At that time, a man came to Jesus kneeling and saying: "Teacher, I brought my son to you, for he has a dumb spirit; and wherever it seizes him it dashes him down; and he foams and grinds his teeth and becomes rigid; and I asked your disciples to cast it out, and they were not able." And he answered them, "O faithless generation, how long am I to be with you? How long am I to bear with you? Bring him to me." And they brought the boy to him; and when the spirit saw him, immediately it convulsed the boy, and he fell on the ground and rolled about, foaming at the mouth. And Jesus asked his father, "How long has he had this?" And he said, "From childhood. And it has often cast him into the fire and into the water, to destroy him; but if you can do anything, have pity on us and help us." And Jesus said to him, "If you can! All things are possible to him who believes." Immediately the father of the child cried out and said, "I believe; help my unbelief!" And when Jesus saw that a crowd came running together, he rebuked the unclean spirit, saying to it, "You dumb and deaf spirit, I command you, come out of him, and never enter him again." And after crying out and convulsing him terribly, it came out, and the boy was like a corpse; so that most of them said, "He is dead." But Jesus took him by the hand and lifted him up, and he arose. And when he had entered the house, his disciples asked him privately, "Why could we not cast it out?" And he said to them, "This kind cannot be driven out by anything but prayer and fasting." They went on from there and passed through Galilee. And he would not have any one know it; for he was teaching his disciples, saying to them, "The Son of man will be delivered into the hands of men, and they will kill him; and when he is killed, after three days he will rise."


Hymns of the Day

Resurrectional Apolytikion in the 8th Tone

From on high you descended, O merciful Lord. You accepted the cross and three days in the tomb to free us from the bondage of sin, O our life and resurrection. Glory to you, O Lord.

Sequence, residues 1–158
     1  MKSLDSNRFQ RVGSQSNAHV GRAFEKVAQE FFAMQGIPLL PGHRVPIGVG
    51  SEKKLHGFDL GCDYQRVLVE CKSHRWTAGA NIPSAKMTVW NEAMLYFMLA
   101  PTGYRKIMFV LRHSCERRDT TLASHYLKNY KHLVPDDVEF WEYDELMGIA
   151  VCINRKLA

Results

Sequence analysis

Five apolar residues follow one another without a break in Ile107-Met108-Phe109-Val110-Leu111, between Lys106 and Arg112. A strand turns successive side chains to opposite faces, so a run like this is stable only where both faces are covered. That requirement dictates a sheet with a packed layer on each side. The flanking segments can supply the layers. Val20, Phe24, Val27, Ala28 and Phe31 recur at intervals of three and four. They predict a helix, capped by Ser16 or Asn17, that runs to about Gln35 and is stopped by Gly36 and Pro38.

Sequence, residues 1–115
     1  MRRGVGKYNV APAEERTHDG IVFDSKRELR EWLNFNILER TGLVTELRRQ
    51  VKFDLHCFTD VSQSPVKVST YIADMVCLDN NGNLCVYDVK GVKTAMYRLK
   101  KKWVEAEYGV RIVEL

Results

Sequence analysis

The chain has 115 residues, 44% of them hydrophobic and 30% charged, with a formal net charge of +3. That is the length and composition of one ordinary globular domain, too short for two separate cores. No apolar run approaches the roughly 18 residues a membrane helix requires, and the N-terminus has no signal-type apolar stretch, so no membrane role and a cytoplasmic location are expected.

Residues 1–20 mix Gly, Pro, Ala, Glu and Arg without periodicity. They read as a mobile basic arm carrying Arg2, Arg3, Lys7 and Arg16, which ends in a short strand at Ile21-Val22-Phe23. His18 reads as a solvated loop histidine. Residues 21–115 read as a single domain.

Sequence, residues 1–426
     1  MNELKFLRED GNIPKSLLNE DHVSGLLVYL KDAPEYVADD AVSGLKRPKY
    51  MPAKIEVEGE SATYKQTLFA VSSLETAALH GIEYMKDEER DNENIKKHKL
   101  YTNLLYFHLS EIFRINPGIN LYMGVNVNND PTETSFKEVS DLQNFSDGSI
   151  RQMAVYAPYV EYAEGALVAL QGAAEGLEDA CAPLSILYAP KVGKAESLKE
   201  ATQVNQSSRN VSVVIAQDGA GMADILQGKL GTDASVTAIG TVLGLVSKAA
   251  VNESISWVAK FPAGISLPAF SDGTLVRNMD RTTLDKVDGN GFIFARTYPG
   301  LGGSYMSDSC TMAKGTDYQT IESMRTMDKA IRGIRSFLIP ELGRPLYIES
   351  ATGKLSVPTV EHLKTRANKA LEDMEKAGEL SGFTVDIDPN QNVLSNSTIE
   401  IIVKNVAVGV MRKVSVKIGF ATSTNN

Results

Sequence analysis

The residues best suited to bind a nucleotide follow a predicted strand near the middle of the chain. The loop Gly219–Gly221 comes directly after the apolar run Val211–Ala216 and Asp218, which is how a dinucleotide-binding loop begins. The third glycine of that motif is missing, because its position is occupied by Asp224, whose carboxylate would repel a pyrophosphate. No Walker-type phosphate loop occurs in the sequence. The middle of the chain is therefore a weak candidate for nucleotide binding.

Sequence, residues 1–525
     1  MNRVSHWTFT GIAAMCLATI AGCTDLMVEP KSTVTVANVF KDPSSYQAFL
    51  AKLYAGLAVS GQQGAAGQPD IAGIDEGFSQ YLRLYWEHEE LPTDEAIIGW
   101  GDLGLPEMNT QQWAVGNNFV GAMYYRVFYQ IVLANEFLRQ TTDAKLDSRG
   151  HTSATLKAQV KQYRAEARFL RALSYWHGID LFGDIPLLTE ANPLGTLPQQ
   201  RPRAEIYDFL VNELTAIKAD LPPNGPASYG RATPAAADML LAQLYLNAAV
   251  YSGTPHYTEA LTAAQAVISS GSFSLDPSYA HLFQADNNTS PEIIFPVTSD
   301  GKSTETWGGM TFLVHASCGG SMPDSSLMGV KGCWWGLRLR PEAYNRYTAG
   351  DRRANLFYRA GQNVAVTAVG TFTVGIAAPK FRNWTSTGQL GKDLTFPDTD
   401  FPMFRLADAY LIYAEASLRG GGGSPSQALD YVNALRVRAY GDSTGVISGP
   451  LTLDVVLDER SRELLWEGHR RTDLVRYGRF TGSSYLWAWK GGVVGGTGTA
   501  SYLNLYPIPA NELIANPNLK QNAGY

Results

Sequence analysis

Apolytikion for Sun. of St. John Climacus in the 8th Tone

With the streams of thy tears, thou didst cultivate the barrenness of the desert; and by thy sighings from the depths,thou didst bear fruit a hundredfold in labours; and thou becamest a luminary, shining with miracles upon the world, O John our righteous Father. Intercede with Christ God that our souls be saved.

Apolytikion Hymn of Our Parish: for the Dormition of the Theotokos, in the 1st Tone

In giving birth you remained a virgin.  
And in your dormition, you did not forsake the world, O Theotokos.  
For as the Mother of Life, you have yourself passed into life.  
And by your prayers, you deliver our souls from death.

Seasonal Kontakion in the 8th Tone

Victorious Lady, mighty champion, defending us, we, your servants, now inscribe to you this hymn of thanks, for you rescued us from suff'ring and tribulation. Theotokos, with your power that can never fail, keep us safe from ev'ry danger our whole life long, that we may cry to you: Rejoice, O Bride unwedded.

Saints and Feasts

March 26

Sunday of St. John Climacus

The memory of this Saint is celebrated on March 30, where his biography may be found. He is celebrated today because his book, The Ladder of Divine Ascent, is a sure guide to the ascetic life, written by a great man of prayer experienced in all forms of the monastic polity; it teaches the seeker after salvation how to lay a sound foundation for his struggles, how to detect and war against each of the passions, how to avoid the snares laid by the demons, and how to rise from the rudimental virtues to the heights of Godlike love and humility. It is held in such high esteem that it is universally read in its entirety in monasteries during the Great Fast.

March 26

Synaxis in honor of the Archangel Gabriel

This festive Synaxis is celebrated to the glory of the Archangel Gabriel, since he ministered to the marvelous mystery of God's incarnate dispensation.

March 26

26 Martyrs in Crimea

March 26

Irenaeus the Hieromartyr of Hungary

March 27

Martyr Matrona of Thessalonica

This martyr was the servant of a certain Jewish woman named Pantilla, the wife of the Governor of Thessalonica. When Matrona refused to follow her mistress into the synagogue Pantilla beat her so severly that she died in a few days, and thus received the crown of her confession.

March 27

Paul, Bishop of Corinth

March 27

5th Monday of Lent

March 28

Stephen the Wonderworker

March 28

5th Tuesday of Lent

March 28

Herodion the Apostle of the 70

March 28

Hilarion the New

Saint Hilarion took up the monastic life from his youth and lived in seclusion. Later, as Abbot of the Monastery of Pelecete in Asia Minor (believed to be in Bithynia, not far from Triglia), he suffered much from the Iconoclasts, and reposed in the year 754.

March 29

Mark, Bishop of Arethusa